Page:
This self-identifying main character is just one way Green draws the reader inside the pages of the novel. Another is the incredible details of the places visited. Often, I just have to rely on the author doing his homework about the places described, but for at least one site the characters visit I have also been there. When the map on the letterbox reveals a place in Prague, my first thought was I bet they wind up in Kunta Hora. There's this cool ossuary known commonly as the Bone Church. During the plague, there were so many deaths that there weren't enough places for the bodies. One person made fixtures out of these bones. There's a chandelier made completely out of human bones. It's creepy and the perfect place for this book to take place.
There were bones everywhere: draping the walls, framing the archways, hanging from the ceiling, adorning the furnishings, comprising the furnishings. Statues of bones, candelabras of bones, portraits of bone, Catholic accoutrements carved from bone. pg. 165
Kutna Hora
Walkway in Kutna Hora, Czech Republic
photo credit: Donna Huber
I visited Kutna Hora when I was in Europe several years ago and the descriptions in The Letterbox matched my own recollections. Even just this short sentences immediately brought the picture to my mind.
The next afternoon we huddled on wooden benches in front of the hotel, sipping coffee across the street from a sprawling Gothic cathedral with a statute-lined terrace. pg. 170

Given all this attention to detail, I was having trouble placing the time the story was taking place. In some ways it seemed that it was taking place several years ago as the technology seemed dated. None of them carried a laptop or seemed to have a smart phone. Then there was a mention of using francs in France. The franc was discontinued in 2002 when it France converted to the EURO. So I was thinking late 1990s/early 2000s. But then when they are in Kutna Hora, they gave the man 100 EURO. The Czech Republic still uses the Czech Crown. I was reading an advance copy so perhaps this detail was corrected in the final version.

But that is about the only complaint I had with the story. I wondered had one of the characters been a protestant believer instead of Catholic, how things might have been different. The ending left me with a number of questions, as it did for our narrator Aiden. While as many strings were tied up as was probably possible with a first person narrative, I felt like the story wasn't fully resolved. And in a way I think that might have been Green's intention. I think he wanted to leave the reader asking what really happened?

The Letterbox reminded me a lot of how I felt while reading The Da Vinci Code, but I think The Letterbox was better written. And long-time fans of Layton Green are going to love his new book.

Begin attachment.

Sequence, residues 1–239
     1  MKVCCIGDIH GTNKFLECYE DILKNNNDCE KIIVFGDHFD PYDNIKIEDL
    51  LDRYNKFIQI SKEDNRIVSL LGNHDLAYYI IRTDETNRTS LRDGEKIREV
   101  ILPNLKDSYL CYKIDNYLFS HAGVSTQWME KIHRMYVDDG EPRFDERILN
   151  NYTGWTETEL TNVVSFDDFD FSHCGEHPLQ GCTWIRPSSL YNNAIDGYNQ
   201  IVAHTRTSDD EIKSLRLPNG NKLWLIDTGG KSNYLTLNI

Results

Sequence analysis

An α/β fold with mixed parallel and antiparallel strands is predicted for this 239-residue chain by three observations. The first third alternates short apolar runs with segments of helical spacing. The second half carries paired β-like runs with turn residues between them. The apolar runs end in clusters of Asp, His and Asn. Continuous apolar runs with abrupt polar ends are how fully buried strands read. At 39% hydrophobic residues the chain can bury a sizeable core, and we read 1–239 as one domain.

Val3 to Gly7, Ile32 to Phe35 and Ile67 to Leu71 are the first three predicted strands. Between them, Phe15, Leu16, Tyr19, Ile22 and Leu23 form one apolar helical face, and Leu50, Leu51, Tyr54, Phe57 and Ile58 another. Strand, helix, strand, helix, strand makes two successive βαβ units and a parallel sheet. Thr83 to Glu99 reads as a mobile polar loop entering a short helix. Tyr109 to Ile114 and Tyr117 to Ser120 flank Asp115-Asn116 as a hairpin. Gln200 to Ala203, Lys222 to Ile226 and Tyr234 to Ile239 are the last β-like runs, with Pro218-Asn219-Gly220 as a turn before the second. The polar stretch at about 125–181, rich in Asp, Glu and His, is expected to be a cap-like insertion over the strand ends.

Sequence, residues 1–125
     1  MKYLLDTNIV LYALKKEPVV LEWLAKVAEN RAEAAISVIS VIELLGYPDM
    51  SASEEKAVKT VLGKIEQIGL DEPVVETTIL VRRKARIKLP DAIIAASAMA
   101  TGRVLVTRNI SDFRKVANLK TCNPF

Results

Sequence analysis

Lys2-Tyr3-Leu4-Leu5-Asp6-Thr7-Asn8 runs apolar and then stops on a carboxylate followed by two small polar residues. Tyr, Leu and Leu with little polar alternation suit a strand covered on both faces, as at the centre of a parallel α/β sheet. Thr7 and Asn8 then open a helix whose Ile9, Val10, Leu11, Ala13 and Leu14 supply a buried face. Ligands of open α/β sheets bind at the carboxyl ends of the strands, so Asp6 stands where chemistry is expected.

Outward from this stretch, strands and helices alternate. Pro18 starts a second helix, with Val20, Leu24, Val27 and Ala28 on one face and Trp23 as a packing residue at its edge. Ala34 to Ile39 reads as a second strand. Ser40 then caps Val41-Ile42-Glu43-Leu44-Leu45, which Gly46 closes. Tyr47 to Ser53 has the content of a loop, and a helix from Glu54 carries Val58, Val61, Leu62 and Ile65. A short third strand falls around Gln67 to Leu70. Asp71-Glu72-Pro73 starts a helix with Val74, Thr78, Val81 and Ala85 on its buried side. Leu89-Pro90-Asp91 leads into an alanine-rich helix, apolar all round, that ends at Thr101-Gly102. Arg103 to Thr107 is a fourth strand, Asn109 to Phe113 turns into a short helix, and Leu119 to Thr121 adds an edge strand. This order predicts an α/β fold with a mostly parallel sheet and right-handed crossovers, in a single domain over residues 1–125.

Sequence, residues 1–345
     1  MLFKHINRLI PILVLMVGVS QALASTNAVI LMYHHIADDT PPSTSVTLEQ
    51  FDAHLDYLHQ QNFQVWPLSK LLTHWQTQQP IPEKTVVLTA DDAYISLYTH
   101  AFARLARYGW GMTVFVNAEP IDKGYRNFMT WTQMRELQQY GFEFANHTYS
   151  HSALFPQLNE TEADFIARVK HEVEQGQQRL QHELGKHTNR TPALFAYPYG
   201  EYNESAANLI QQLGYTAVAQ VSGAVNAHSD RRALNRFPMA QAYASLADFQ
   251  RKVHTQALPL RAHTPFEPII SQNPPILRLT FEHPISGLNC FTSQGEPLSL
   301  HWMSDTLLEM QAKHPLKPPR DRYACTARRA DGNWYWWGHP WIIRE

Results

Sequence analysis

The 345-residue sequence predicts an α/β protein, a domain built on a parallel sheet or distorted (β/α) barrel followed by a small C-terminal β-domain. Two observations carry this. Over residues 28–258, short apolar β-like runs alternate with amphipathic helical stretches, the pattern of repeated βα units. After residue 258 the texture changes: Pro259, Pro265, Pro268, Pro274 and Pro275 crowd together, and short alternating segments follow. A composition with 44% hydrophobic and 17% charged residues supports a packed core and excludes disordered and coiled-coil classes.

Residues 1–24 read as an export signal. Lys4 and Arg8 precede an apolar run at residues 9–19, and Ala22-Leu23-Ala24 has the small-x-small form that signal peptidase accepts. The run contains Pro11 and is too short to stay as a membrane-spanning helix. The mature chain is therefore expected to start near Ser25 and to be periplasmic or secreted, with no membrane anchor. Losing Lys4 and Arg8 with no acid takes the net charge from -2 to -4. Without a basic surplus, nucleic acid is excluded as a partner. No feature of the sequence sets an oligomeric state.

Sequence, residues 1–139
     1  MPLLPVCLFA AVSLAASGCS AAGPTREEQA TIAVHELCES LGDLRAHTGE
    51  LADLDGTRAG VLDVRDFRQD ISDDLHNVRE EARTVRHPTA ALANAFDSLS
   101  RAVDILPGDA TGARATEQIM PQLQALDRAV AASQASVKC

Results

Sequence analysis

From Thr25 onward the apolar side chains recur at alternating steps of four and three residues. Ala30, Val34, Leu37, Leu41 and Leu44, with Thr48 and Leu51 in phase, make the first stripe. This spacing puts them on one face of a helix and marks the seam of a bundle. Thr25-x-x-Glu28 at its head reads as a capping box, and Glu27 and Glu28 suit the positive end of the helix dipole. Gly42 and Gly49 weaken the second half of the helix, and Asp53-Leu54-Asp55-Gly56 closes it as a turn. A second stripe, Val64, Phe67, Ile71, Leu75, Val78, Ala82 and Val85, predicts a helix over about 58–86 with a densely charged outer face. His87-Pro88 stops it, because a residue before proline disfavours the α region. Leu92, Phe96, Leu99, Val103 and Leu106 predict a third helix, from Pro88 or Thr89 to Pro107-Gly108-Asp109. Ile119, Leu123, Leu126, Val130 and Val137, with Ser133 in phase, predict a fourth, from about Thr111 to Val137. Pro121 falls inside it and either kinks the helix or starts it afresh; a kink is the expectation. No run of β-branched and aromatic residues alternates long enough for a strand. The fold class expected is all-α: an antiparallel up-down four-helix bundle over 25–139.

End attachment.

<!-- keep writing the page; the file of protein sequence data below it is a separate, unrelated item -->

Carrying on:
Buy The Letterbox at Amazon

Donna Huber, founder & publisher. Donna is an avid reader and natural encourager. She is the founder of Girl Who Reads and the author of how-to marketing book Secrets to a Successful Blog Tour.

Book info:
available formats: ebook and print (366 pages)
published: September 2016
ISBN13: 978-1535001298
genres: mystery, thriller
a free book was provided by the author for this review

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September 11, 2016

Comical Beach Read Explores Going Outside Your Comfort Zone, Rolling with Life's Punches

cover of Shore House Slumming
When everything in your life goes awry, do you admit defeat or is it time to take a step outside your comfort zone to find a better path? Author of Down the Aisle with Bridezilla, Carli Palmer returns to explore this very question with her latest work, Shore House Slumming. In this hilarious new chapter of chick lit, Palmer weaves together comedy, wit and adventure for a fun summer read you won't want to put down.
Working as an editor in Seattle, Dana Kline led a happy life. She had great friends, a career she adored and her health couldn’t be better. But everything about it was mundane and safe. No gamble would have made her change her ways, so life was going to change it for her.    
After an unexpected release from her job, then finding out that she would become practically homeless for the summer, Dana gathered her courage and found herself ready to try a new life in Florida. The only problem was getting herself across the nation on a tight budget, hardly any connections and an unadventurous self. After many stops along both coastlines, Dana finds out that it’s okay to let her hair down, meet new people and try new escapades—just as long as her sanity doesn’t fly away with the seagulls.
Lively and light, Shore House Slumming speaks to:
  • Why it's important to step outside of your comfort zone and try new things, even if they scare you.
  • Even when there’s no solution for you to discover, those are times when the problem will solve itself.
  • Though life isn’t always meant to be easy and smooth sailing, you can still pull through with grace and a bit of humor.
  • How she chose the locations for her book, as well as their significance to herself and the story.
  • Why having a weak character who learns a lesson is just as important as having one that starts off strong.

Start Reading: